Eager, but accident-prone, young executive Tom Stanisfield has finally happened upon the opportunity of a lifetime: he can impress his megalomaniac boss and the boss's luscious daughter, Lisa, by simply house-sitting their lavish mansion for one night. It's a plan that could lead Tom on a path towards love and success, if only houseguests didn't keep arriving.
When Ashton Kutcher got the news that this much-delayed bad-taste comedy that he stars in was actually being released, he must have felt as if he were being "Punk'd." On that MTV video-prank series, Mr. Kutcher and a crew raise the temperature of music-video mainstays like Pink with hazing stunts intended to get their goats. Mr. Kutcher's goat has not only been got, it's roasting on a spit. Mr. Kutcher plays the amiable doormat Tom, who works in publishing and wants to move to the business's creative side . He attempts to ingratiate himself with his tyrannical boss, Jack (Terence Stamp), who says whatever he thinks to whomever happens to be standing nearby. Most of his sentences tend to end with "You're fired." And Tom has a crush on Jack's daughter, Lisa (Tara Reid), who persuades him to house-sit at the palatial, antique-filled estate she shares with her angry no-nonsense dad. Jack instructs Tom in caring for his home — no guests, no shoes and no damage or it's no job. This muddled comedy of confusion feels as if it were a Farrelly brothers' comedy that has sat exposed to the elements long past its expiration date; perhaps that's why almost every joke is stale. It absently tosses humor about race, sex, injury, disease and the handicapped into the same garbage bag. Yet, the pile of refuse is so uninteresting even the flies stay away. — Elvis Mitchell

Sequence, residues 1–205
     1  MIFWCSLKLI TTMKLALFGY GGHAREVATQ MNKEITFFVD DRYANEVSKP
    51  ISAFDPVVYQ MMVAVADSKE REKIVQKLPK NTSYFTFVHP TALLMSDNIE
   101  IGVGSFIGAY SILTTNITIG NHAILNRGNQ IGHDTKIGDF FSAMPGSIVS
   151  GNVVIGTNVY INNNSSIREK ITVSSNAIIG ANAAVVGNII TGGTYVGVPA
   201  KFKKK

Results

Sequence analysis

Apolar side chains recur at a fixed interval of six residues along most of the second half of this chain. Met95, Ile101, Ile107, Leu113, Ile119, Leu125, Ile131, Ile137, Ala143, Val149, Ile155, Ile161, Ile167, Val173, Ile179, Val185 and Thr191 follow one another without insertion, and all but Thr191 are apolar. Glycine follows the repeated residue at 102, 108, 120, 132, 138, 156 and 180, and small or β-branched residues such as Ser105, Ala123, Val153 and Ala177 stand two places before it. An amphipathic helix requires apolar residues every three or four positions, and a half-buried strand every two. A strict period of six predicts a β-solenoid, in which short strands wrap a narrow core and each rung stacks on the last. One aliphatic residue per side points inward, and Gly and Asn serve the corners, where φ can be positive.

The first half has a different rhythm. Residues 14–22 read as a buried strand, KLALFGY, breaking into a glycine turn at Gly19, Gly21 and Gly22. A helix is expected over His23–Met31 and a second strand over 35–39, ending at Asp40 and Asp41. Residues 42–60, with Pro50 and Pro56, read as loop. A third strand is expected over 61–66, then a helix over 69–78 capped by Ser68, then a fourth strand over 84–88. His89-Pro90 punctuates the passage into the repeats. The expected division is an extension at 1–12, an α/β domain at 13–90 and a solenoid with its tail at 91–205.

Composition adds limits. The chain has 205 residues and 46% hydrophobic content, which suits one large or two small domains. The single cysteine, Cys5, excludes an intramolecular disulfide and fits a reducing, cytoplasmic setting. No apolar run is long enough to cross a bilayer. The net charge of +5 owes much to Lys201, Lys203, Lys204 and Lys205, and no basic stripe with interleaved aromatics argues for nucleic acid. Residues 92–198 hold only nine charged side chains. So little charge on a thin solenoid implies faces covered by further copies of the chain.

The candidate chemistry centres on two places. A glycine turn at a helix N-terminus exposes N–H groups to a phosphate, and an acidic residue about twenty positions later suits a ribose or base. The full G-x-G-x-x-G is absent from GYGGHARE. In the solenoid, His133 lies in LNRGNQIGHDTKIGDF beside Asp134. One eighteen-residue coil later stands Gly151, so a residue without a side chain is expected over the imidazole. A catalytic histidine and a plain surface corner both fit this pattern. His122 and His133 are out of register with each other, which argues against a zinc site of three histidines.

2003-08-23 | Elvis Mitchell | Read the New York Times Review of My Boss's Daughter